It’s finally here – the Teach Starter Lesson Plan template!
Time is of the essence when you’re a teacher – we all know this! Whether you’re cramming an extra activity in to consolidate learning, or cramming that last bite of sandwich in your mouth, a teacher’s time is valuable. No matter what time of your day – teaching, lunch duty, planning time – teachers are always thinking of more ways to use their time effectively.
Our purpose here at Teach Starter is to make every classroom buzz! We understand teachers are busy people, and sometimes need a little bit of extra help to do that. Subscribers to our Ultimate Plan can access dozens of Teach Starter Unit Plans to use to their heart’s content, but sometimes you just want to create something new.
We’ve created this amazing Lesson Plan template to help you spend less time worrying about planning, and more time in touch with your students. Even better, it comes in PDF and Editable Word format!
Unpacking the Structure of the Lesson Plan Template
It can be easy to forget a crucial lesson element when you’re planning up to 40 lessons a week – even if you’re a seasoned teacher! In our Lesson Plan template, you will find a place for every lesson element to ensure you leave nothing behind.
Edit your lesson topic in the header, and then fill in the information below:
- Curriculum Links – Aligning with the curriculum in a meaningful way is always at the forefront of a teacher’s mind when planning. Fill in your curriculum links before deciding on which resources you will use to support your lesson.
- Learning Goals – Your learning goal is what you intend for your students to achieve or learn by participating in your lesson. Our Visible Learning Goals Powerpoint Teaching Resources provide dozens of great examples of learning goals for English, Math, Science and Humanities and Social Sciences for all year levels.
- Success Criteria – Here, you explain what the students will need to do to achieve the learning goal. Essentially, you are zooming in on the skills the students will need to demonstrate by the end of the lesson.
- Additional Notes – Does one of your students have a specialist lesson? Are you having a guest speaker arrive? You can easily keep track of reminders that are not part of the lesson content.
In Teach Starter Lesson Plans, we include lesson sections designed to capture students’ attention, gradually release the responsibility of the learning from the teacher to the student, and consolidate student learning.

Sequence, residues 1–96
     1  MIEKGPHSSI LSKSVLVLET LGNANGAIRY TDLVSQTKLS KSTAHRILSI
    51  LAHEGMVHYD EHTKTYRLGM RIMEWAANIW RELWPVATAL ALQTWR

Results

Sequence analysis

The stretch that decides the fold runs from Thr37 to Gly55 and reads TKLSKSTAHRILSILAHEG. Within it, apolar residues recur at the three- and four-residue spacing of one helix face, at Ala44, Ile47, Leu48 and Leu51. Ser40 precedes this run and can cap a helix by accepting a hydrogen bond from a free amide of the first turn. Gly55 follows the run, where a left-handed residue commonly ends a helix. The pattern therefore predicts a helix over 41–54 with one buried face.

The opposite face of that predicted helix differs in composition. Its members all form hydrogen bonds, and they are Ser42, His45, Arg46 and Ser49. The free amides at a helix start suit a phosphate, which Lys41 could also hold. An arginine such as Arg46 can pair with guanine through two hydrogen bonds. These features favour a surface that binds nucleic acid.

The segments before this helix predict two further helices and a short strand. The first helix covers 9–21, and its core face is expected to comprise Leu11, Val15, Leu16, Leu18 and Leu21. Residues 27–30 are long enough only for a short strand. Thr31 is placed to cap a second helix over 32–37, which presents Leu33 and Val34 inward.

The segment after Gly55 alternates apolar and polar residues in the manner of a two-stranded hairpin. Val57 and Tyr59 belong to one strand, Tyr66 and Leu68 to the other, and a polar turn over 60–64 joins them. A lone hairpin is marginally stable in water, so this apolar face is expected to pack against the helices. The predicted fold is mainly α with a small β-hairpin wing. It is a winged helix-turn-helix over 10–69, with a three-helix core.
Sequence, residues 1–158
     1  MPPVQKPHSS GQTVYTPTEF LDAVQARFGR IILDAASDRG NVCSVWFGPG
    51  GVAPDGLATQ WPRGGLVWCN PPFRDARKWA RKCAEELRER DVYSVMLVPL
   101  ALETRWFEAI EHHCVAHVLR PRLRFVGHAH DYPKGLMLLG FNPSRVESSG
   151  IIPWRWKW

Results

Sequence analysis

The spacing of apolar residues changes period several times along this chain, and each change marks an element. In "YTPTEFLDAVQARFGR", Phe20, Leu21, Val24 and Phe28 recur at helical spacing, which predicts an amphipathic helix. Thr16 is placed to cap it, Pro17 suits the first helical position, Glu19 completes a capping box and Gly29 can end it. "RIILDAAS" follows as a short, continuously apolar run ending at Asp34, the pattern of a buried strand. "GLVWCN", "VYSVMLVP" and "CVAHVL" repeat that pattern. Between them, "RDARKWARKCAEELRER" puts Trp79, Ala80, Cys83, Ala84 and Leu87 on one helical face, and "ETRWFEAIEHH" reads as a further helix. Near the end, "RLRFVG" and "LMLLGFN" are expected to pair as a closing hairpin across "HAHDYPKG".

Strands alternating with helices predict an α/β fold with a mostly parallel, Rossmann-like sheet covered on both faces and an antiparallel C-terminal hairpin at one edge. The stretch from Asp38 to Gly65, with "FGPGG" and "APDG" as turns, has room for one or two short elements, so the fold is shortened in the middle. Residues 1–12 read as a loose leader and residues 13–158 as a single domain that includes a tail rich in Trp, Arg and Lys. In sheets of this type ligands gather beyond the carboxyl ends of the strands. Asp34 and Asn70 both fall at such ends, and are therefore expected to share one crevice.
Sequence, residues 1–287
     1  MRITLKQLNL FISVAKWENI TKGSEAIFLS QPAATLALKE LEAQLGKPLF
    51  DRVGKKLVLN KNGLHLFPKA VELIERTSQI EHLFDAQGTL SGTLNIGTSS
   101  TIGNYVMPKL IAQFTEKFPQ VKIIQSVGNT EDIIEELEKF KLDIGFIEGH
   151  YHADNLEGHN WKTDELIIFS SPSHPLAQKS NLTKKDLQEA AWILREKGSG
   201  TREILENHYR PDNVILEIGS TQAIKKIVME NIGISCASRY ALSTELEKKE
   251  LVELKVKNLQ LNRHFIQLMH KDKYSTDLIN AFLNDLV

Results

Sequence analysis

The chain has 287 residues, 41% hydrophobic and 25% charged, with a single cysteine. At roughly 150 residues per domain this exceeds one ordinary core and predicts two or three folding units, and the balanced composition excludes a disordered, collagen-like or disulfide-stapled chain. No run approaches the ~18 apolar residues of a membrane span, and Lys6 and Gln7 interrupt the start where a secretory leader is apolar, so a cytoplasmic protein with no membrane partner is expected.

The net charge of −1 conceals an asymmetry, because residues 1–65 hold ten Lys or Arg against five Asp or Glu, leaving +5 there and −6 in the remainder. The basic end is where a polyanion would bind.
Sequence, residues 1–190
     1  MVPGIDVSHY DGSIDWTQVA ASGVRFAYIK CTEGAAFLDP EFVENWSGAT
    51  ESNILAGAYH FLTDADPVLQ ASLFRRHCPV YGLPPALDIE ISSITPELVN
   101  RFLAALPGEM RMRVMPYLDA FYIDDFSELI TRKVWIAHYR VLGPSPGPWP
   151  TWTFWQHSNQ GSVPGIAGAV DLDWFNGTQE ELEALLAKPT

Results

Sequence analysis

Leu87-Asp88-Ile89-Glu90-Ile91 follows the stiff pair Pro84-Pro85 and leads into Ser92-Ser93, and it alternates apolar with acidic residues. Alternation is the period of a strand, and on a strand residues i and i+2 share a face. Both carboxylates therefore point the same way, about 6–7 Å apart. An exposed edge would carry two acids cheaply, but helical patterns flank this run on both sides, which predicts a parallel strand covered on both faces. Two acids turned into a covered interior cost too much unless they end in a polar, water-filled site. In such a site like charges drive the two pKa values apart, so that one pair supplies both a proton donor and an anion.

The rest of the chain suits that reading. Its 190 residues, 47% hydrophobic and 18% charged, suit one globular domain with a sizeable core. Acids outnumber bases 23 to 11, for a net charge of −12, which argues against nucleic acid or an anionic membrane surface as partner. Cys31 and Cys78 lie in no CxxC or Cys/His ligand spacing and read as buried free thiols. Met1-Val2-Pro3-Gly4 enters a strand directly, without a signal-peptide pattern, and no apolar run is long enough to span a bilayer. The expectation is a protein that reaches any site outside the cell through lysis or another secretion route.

Our Lesson Plan template contains easy-to-fill sections for each structured element of your lesson:
- Tuning In – Use this section of the lesson to capture students’ attention. Why not boost their engagement by playing a game to review a previously learned skill, or presenting a visually exciting or thought-provoking stimulus?
- Teacher Instruction– Model the skill you would like the students to learn, using explicit language to explain your thought process and actions along the way.
- Guided/ Independent Instruction – Scaffold your students learning by encouraging them to participate in a whole group activity. If they’re up to it, why not provide them with an independent piece of work so that they can practice the skill you have just modeled?
- Wrapping up – Consolidate your students’ learning. This can be easily done with a game or quiz to help students put their newly learned skills to the test.
It takes practice and experience to understand the content and length of each section of a lesson! Some teachers may spend a whole lesson on Tuning In and Teacher Instruction before they are confident moving their class to the next stage. Lesson planning can still be flexible, even when using a template!
The dreaded D-word! Unfortunately, it isn’t often feasible to create a Differentiation section that caters to the individual needs of every child in your class (oh, how we wish teachers had time to do that!).
In this section of the Lesson Plan template, easily note your differentiation strategies for extending and supporting your class’s particular learning needs. No student will be left behind!
Assessment doesn’t have to require weeks of pre-planning. Note your summative and formative assessment strategies for each lesson in this section.
Some common assessment strategies we suggest here at Teach Starter include:
- using strategic whole class or individual questioning
- observing student participation during learning activities
- recording student progress on a checklist
- annotating student work samples
- collecting and reviewing student work samples
- facilitating whole class or peer feedback sessions
- encouraging student self-reflection
- administering formal assessment tasks.
As all conscientious teachers know, lesson reflection is just as important a part of the process as the lesson preparation and delivery.
Taking the time to reflect upon a lesson – its strengths and areas for improvement – is integral to continual professional development.
Use the Reflection/Follow up section of our Lesson Plan Template to:
- set professional goals
- reflect upon whether a previously set goal has been met
- assess the strengths and weaknesses of your pedagogical practice
- note student understanding, participation and responses
- identify areas of the lesson that were successful and unsuccessful in engaging the students
- target content that can be extended or, alternatively, needs to be re-taught.